In one embodiment, the first gas is a silicon-based gas. Suitable silicon-based gases include, but are not limited to silane (SiH4), disilane (Si2H6), silicon tetrafluoride (SiF4), silicon tetrachloride (SiCl4), dichlorosilane (SiH2Cl2), and combinations thereof. In one embodiment, the silicon-based gas is silane (SiH4).

In one embodiment, the second gas is hydrogen-based gas. Suitable hydrogen-based gases include, but are not limited to, hydrogen gas (H2).

In one embodiment, the hydrogen-based gas is provided to the staging plenum 282, while the silicon-based gas is provided directly to the main plenum 280. Alternatively, the silicon-based gas may be provided to the staging plenum 282, while the hydrogen-based gas is provided directly to the main plenum 280. Alternatively, the first and/or second gas may be an etching gas, a plasma treatment gas, a nitration gas, an annealing gas or other gas selected to process a substrate in a process chamber.

At step 1010, the mixed gas is delivered through the gas distribution plate 210 from the main plenum 280 into the process volume 206. The mixed gas within the process volume 206 may be energized by applying RF power to the gas distribution plate 210 or other suitable energy transmission source.

At step 1012, the substrate is processed in the presence of the gas mixture within the process volume 206. In one embodiment, step 1012 deposits a film on the substrate via a chemical vapor deposition process from the mixed gases. In one embodiment, the deposited film is a silicon-containing film. It is contemplated that the mixed gases may alternatively be utilized at step 1012 to perform other processes in suitably configured process chambers, such as, for example, etching, nitration, plasma treatment, ion implantation, doping and the like, as opposed to a deposition process.

As the spacing gradient provides a larger processing window as compared to conventional processes, different types of silicon films may be deposited in-situ a single chamber without unduly sacrificing the performance and/or quality of one film for the benefit of the other.

FIG. 11 depicts one embodiment of a device structure 1100 having one or more silicon-based layers described below formed in accordance with an embodiment of the present invention, for example, by utilizing a process chamber having a spacing gradient and/or by utilizing the process 1000. In one embodiment, the device structure 1100 is a thin film transistor device formed on a substrate 1102. The device structure 1100 may optionally include a dielectric layer 1104 disposed on the substrate 1102. Subsequently, a gate electrode 1106 is formed and patterned on the dielectric layer 1104 followed by a gate insulator layer 1108. A microcrystalline silicon layer 1110 may then be deposited on the gate insulator layer 1108. In one embodiment, microcrystalline silicon layer 1110 may comprise a composite film having a first layer 1112 and a second layer 1114, shown as separated by dotted line 1115 in FIG. 11. After deposition of the microcrystalline silicon layer 1110, an n-type or p-type amorphous silicon layer (N+/P+-a-Si) 1116 and the source-drain metal electrode layer 1118 may be consecutively deposited to form the device structure 1100. Optionally, a capping layer 1120 may be formed over the n-type or p-type amorphous silicon layer (N+/P+-a-Si) 1116 and the source-drain metal electrode layer 1118. The optional capping layer 1120 may be an appropriate silicon-containing layer that may assist improving current leakage control and device performance. In one embodiment, the optional capping layer 1120 is an amorphous silicon layer. It is noted that the optional capping layer 1120 or other silicon-containing layers may be integratedly deposited in-situ the vacuum process chamber 200 in which the microcrystalline silicon layer 1110 was formed.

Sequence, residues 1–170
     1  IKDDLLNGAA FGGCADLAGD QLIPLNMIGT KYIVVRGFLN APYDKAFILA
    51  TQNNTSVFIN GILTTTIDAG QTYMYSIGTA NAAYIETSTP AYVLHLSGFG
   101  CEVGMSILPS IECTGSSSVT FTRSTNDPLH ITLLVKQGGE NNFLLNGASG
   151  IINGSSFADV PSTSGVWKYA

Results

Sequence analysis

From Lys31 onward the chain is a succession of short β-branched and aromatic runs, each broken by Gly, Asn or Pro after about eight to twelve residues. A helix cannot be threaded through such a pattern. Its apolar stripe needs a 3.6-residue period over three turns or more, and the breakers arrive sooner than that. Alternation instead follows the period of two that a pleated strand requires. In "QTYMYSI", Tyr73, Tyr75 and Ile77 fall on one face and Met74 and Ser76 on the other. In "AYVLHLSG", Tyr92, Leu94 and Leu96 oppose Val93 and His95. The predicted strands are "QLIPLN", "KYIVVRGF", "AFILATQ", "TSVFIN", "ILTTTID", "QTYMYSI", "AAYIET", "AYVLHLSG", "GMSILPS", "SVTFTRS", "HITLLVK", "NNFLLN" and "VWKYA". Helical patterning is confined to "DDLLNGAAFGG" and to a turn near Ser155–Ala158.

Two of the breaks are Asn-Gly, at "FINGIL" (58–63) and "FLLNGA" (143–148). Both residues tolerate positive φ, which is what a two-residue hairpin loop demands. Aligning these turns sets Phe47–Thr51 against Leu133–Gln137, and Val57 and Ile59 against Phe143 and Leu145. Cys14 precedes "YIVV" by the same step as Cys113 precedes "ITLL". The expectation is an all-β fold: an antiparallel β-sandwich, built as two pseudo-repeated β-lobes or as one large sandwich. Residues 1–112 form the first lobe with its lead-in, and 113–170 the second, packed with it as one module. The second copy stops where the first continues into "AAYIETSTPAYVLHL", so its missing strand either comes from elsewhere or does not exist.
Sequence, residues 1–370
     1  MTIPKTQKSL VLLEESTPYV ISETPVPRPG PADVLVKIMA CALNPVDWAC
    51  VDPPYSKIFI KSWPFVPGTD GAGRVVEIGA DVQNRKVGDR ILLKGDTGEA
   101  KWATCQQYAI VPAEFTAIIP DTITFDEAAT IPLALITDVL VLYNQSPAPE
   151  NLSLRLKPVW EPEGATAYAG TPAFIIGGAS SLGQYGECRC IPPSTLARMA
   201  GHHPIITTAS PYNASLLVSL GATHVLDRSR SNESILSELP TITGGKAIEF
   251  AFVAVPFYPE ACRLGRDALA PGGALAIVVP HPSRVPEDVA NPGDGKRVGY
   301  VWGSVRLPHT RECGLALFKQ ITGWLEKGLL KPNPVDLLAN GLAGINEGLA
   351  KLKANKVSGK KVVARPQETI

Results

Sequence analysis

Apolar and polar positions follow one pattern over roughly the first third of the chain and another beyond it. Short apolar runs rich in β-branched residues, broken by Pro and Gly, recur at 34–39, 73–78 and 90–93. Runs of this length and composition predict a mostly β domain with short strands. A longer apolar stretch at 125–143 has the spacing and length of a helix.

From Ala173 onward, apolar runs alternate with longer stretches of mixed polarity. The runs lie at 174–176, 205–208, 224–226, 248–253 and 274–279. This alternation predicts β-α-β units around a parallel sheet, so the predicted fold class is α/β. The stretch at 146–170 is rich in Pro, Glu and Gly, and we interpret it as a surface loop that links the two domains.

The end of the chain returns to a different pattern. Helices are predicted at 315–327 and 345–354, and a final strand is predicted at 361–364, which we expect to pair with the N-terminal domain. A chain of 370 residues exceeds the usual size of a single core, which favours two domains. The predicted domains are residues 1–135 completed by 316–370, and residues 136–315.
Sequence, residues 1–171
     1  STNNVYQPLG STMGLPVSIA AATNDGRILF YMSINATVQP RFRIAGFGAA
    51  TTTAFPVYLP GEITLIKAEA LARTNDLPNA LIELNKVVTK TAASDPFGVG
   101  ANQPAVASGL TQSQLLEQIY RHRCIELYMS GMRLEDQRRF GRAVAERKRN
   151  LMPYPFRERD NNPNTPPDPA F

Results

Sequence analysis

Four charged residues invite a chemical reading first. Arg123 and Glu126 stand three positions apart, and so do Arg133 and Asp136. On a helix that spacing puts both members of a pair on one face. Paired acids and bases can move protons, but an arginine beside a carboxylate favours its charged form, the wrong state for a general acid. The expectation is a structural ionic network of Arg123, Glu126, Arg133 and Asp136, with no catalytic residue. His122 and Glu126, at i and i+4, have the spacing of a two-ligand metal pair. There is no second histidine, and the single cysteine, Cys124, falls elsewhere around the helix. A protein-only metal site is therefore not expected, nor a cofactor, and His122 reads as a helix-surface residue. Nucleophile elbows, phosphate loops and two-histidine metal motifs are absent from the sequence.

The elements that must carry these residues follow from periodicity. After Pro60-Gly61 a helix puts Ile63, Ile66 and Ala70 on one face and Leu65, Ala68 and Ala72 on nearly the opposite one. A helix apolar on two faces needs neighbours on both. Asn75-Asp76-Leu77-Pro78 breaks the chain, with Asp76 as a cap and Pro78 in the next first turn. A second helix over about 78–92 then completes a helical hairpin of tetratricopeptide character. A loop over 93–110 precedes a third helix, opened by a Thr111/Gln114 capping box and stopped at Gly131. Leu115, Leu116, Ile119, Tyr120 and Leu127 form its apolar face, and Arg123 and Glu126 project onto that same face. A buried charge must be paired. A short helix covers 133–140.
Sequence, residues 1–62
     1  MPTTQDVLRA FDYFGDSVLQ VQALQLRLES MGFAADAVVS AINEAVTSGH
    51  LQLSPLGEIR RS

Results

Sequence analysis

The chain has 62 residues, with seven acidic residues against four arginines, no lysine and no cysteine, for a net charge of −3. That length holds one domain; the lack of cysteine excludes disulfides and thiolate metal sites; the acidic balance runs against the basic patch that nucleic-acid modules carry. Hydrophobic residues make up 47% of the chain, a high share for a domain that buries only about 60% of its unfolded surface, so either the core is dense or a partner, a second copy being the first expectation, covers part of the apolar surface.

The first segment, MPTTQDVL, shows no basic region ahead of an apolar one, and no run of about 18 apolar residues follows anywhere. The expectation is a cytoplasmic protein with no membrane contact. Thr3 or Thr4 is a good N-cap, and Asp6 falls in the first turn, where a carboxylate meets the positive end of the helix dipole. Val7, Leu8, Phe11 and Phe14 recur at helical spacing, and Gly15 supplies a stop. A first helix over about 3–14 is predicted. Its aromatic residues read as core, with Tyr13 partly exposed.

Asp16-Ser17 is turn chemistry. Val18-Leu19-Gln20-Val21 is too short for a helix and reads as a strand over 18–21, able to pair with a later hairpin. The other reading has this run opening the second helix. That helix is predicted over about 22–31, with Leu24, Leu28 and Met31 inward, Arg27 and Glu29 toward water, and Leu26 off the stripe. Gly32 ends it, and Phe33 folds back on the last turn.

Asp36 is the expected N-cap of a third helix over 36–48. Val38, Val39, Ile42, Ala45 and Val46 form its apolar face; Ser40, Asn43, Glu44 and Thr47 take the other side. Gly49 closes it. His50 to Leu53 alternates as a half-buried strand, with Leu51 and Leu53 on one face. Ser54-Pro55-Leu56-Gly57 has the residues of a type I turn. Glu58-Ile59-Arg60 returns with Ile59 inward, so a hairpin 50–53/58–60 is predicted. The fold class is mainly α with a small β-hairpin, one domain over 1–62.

After deposition of the microcrystalline silicon layer 1110, including the first layer 1112 and the second layer 1114, and the optional capping layer 1120, the n-type or p-type amorphous silicon layer (N+/P+-a-Si) 1116 and the source-drain metal electrode layer 1118 may be then consecutively disposed thereover to form the device structure 1100. The film stack then may also be etched or patterned to form features and/or trenches therein to form a desired device structure, as shown in FIG. 11.

Thus, the apparatus and method described herein advantageously improves the uniformity of the film properties and the film thickness of the device structure by controlling both the film properties and the film thickness of the semiconductor layer, such as a microcrystalline silicon containing layer, at the same time within the same process chamber.

While the foregoing is directed to embodiments of the present invention, other and further embodiments of the invention may be devised without departing from the basic scope thereof, and the scope thereof is determined by the claims that follow.

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Classifications
U.S. Classification118/715, 118/723.0IR, 118/723.0ER, 156/345.34
International ClassificationC23C16/00
Cooperative ClassificationC23C16/45565, H01J37/32357, H01J37/3244, C23C16/45591, H01J37/32091, H01J37/32449
European ClassificationC23C16/455P4, C23C16/455K2, H01J37/32M16, H01J37/32O2, H01J37/32O2B, H01J37/32M8B
Legal Events
DateCodeEventDescription
Jul 17, 2012CCCertificate of correction
Aug 4, 2010ASAssignment
Owner name: APPLIED MATERIALS, INC., CALIFORNIA
Free format text: ASSIGNMENT OF ASSIGNORS INTEREST;ASSIGNORS:WHITE, JOHN M.;SORENSON, CARL;TINER, ROBIN;AND OTHERS;SIGNING DATES FROM 20100623 TO 20100702;REEL/FRAME:024790/0468